Gate Classification Model Overfitting

The model is meant to classify an image as a gate or not a gate. When I say gate, I’m referring to gates at the intersection of a railroad and street. The model is being trained on a set of images where some of the images include a gate and others don’t. The goal is for the model to correctly determine whether a given image contains a gate or not. The model is being trained on images from before the street was repaved and is being tested on images from after the street was repaved. I can’t add images from after it was repaved to the training set. I’d like the model to remain accurate regardless of any changes that happen to the background(meaning behind the gate in the images). I’ve been trying to tinker with data augmentation techniques to overcome any variations in the background, specifically as it relates to color(because the repaved street is darker than before it was paved). The model was previously using the AutoAugment policy on SVHN, ImageNet, and CIFAR10. ChatGPT thinks this is excessive and that I should only use ImageNet or CIFAR10. I tried that and there were very marginal improvements. Then I added the below color transformations on the training set and the model became a lot more volatile:

auto_transform = transforms.Compose([
 transforms.Resize((256, 256)),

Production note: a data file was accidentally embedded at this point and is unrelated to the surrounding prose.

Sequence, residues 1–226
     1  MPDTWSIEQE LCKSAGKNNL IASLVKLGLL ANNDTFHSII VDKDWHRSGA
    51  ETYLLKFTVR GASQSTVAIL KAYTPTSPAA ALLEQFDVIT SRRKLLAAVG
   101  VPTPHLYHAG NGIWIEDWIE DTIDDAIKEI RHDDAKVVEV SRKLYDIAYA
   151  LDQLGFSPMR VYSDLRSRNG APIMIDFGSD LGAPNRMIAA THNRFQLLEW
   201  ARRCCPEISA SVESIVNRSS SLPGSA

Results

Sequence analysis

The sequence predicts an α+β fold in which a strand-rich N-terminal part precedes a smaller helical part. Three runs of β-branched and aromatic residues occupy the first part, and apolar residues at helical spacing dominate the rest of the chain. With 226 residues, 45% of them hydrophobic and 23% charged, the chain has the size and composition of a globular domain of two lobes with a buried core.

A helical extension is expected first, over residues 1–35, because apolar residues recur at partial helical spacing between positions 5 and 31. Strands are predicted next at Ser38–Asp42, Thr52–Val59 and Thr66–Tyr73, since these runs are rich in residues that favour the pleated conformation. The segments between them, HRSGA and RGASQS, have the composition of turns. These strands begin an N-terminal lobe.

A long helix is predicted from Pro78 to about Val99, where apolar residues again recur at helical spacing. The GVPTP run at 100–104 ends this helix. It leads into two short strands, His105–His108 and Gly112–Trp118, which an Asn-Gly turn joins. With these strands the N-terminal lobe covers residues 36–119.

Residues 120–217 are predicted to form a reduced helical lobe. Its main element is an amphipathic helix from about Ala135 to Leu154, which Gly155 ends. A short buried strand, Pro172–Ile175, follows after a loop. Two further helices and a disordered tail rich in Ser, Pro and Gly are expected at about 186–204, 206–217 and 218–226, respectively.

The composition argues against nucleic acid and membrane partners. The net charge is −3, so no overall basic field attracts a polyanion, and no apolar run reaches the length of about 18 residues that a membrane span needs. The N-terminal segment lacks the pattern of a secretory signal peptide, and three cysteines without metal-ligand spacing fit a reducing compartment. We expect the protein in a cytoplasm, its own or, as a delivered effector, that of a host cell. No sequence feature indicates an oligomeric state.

transforms.RandomCrop((224, 224)),
 # transforms.RandomGrayscale(p=0.8),  
 transforms.ColorJitter(brightness=0.5, contrast=0.5, saturation=0.5, hue=0.2),
 transforms.RandomAdjustSharpness(sharpness_factor=2, p=0.5),
 transforms.RandomAdjustSharpness(sharpness_factor=2, p=0.5), 
  transforms.Normalize([0.485, 0.456, 0.406], [0.229, 0.224, 0.225])

What else can I do/change to fix this problem? Any insight is greatly appreciated!

What is the class distribution in your dataset?

Have you tried viewing the augment you’re applying? If the training is only volatile when using augments, you may want to tone down any augment that is excessive.

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Class distribution:

Training set class distribution: {'1': 1061, 'neg': 1669}
Testing set class distribution: {'1': 241, 'neg': 113}

‘1’ refers to images that contain a gate. ‘neg’ refers to images that do not contain a gate

I haven’t tried viewing the augment at all. I’m not sure exactly what I want the augment to look like. I just want the model to be able to ignore any changes to the background, whether it be the street being repaved or anything else.

Also, if I have multiple augments that are randomly applied, wouldn’t that complicate the viewing process? There are so many possible variations of which random augments apply to a given image.

Is data augmentation not the best solution to this problem?

No, I think augmentation is the right direction. But if we consider human eyesight as a “perfect” baseline, we should be able to detect if any augmentations are being counterproductive by viewing, say, 10-20 examples per augment.

For example, the random crop could be cutting off parts of the image necessary for the task. Or perhaps a certain significant percent of the time, the color jitter could be making the gate relatively invisible.

It would be sufficient enough to just test a sampling of each augment visually one by one to see if any is excessive. And fairly quick to do.

When you say the training results are volatile, what is the accuracy without augmentation vs. with?

It seems this may have been an oversight, doubling up on the “RandomAdjustSharpness”.

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